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Alnylam, Natural Selection, Quark Biotech, Agilent, Galapagos

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Alnylam Receives Grant for Parkinson's Disease Research

Alnylam Pharmaceuticals said this week that it has received an undisclosed grant from the Michael J Fox Foundation for Parkinson's Research.

According to the foundation, the grant was awarded to Alnylam's David Bumcrot for a research project exploring the possibility of using siRNAs to target alpha-synuclein, which plays a role in the development of Parkinson's disease.

"By delivering the siRNAs directly into the brains of mice genetically engineered to express excess SNCA protein, we will be able to assess their effects on the development of PD-like symptoms over time," the grant abstract states.

The award to Alnylam was one of seven that the Michael J Fox Foundation for Parkinson's Research funded under its Target Validation initiative. The seven grants were worth a total of $1.5 million, the foundation said.


Natural Selection Wins NSF Grant for microRNA Detection Technology

Natural Selection said this week it has won a two-year, $406,000 Phase II SBIR grant from the National Science Foundation to further develop microRNA detection and analysis software.

According to the company, the NSF will also provide up to $250,000 in matching funds when third parties invest in the technology. "We are actively pursuing several avenues in this regard to ensure the broadest possible successful commercialization of our technology," Natural Selection CEO David Fogel said in a statement.

During phase I of the grant, company researchers developed machine learning approaches to discriminate fRNA coding regions from non-coding regions in four model eukaryotes. During phase II, the scientists plan to refine evolved neural networks for ten eukaryotes to discriminate these regions, and to validate predicted fRNA coding regions in humans and mice experimentally.

As RNAi News reported last year, Natural Selection has developed an algorithm to detect microRNAs (see RNAi News, 6/18/2004).


Quark Biotech Becomes Certified CGH Service Shop for Agilent Arrays

Quark Biotech said this week it has become a certified service provider for Agilent Technologies' microarrays used for array comparative genomic hybridization services.

Quark has been a certified service provider for Agilent's gene expression microarrays since April.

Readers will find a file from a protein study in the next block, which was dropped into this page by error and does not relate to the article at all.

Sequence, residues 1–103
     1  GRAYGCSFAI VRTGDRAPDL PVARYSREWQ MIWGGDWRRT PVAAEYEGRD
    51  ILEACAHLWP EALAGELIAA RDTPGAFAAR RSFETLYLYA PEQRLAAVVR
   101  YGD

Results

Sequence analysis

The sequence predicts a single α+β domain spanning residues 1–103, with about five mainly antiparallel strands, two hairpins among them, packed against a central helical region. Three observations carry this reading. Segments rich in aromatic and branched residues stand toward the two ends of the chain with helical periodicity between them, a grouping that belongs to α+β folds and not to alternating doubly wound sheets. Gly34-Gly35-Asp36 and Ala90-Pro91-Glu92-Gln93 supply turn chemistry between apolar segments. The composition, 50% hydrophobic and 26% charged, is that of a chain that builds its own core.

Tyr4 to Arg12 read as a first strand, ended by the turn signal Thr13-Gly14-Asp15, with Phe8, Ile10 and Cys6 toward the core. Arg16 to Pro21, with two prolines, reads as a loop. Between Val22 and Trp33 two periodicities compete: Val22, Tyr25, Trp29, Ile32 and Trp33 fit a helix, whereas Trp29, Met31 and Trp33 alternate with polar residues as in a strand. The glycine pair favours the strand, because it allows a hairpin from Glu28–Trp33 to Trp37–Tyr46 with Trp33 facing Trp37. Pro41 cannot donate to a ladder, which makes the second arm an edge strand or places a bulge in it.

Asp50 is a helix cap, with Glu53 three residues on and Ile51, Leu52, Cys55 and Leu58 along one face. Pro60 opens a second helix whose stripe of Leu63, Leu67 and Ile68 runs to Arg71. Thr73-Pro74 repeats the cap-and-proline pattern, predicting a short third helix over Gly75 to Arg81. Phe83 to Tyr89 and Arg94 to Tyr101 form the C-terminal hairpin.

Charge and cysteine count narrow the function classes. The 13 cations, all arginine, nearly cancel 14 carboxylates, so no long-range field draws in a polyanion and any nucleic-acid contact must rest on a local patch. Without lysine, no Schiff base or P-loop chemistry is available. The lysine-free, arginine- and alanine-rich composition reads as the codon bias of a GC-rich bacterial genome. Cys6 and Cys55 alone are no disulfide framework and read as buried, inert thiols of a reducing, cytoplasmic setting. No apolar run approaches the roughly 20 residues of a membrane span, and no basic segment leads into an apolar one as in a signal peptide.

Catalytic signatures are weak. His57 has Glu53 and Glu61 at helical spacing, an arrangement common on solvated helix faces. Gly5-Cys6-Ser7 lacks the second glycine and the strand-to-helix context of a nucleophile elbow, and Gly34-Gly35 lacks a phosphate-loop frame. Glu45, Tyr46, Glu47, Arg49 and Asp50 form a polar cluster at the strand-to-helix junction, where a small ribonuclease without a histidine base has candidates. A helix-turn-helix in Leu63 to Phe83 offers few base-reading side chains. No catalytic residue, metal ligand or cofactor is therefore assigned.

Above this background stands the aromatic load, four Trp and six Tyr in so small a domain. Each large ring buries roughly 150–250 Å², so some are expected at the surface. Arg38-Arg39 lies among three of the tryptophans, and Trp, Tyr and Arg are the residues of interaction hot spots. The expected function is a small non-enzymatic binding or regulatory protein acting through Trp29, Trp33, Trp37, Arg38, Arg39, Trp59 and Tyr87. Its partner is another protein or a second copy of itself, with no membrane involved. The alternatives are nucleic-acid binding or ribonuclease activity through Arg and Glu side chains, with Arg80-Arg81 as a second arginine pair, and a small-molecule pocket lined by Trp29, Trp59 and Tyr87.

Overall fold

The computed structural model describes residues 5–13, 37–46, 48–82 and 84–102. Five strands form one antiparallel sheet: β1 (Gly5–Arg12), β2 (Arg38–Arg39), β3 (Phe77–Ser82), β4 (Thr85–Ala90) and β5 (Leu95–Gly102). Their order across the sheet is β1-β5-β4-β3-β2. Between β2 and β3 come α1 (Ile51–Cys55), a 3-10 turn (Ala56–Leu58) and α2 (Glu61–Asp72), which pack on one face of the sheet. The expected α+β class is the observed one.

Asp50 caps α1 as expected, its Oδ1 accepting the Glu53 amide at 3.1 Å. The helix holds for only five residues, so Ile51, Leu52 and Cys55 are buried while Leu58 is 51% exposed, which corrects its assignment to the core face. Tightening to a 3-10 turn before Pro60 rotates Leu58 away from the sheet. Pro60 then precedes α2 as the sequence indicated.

The certification includes sample receipt, labeling, and the use of Agilent's CGH platform for hybridization and data analysis, Quark said in a statement.


Galapagos Inks Huntington's Disease Research Deal with High Q Foundation

Galapagos said last week that it has signed a two-year target-discovery agreement with the High Q Foundation, a non-profit organization that supports Huntington's disease research.

High Q and Galadeno, Galapagos' partnering unit, will use Galapagos' adenoviral siRNA and cDNA collections to discover and validate drug targets for the development of new Huntington's disease therapies.

Galapagos said that it could ultimately receive up to $3 million from the High Q Foundation for the project. The company also has the option to develop certain targets identified in the program.

Galapagos said that the final agreement with High Q has not yet been signed, but that it expects to do so before Oct. 1.

The company signed a similar agreement with the Cystic Fibrosis Foundation in April (see RNAi News, 4/15/2005).

The Scan

Germline-Targeting HIV Vaccine Shows Promise in Phase I Trial

A National Institutes of Health-led team reports in Science that a broadly neutralizing antibody HIV vaccine induced bnAb precursors in 97 percent of those given the vaccine.

Study Uncovers Genetic Mutation in Childhood Glaucoma

A study in the Journal of Clinical Investigation ties a heterozygous missense variant in thrombospondin 1 to childhood glaucoma.

Gene Co-Expression Database for Humans, Model Organisms Gets Update

GeneFriends has been updated to include gene and transcript co-expression networks based on RNA-seq data from 46,475 human and 34,322 mouse samples, a new paper in Nucleic Acids Research says.

New Study Investigates Genomics of Fanconi Anemia Repair Pathway in Cancer

A Rockefeller University team reports in Nature that FA repair deficiency leads to structural variants that can contribute to genomic instability.